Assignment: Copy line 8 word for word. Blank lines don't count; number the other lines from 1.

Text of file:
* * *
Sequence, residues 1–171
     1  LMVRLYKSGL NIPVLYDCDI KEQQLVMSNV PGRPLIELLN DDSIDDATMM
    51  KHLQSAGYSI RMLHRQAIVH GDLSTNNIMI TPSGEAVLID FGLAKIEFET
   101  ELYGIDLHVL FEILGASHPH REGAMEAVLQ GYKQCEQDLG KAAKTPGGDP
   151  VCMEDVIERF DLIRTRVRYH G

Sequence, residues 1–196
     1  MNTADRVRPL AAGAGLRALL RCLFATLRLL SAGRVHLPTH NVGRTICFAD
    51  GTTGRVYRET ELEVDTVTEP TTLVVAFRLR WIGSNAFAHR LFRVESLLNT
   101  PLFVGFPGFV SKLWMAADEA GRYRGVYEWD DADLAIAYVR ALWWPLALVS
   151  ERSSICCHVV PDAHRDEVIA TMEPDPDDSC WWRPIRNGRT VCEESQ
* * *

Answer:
    51  GTTGRVYRET ELEVDTVTEP TTLVVAFRLR WIGSNAFAHR LFRVESLLNT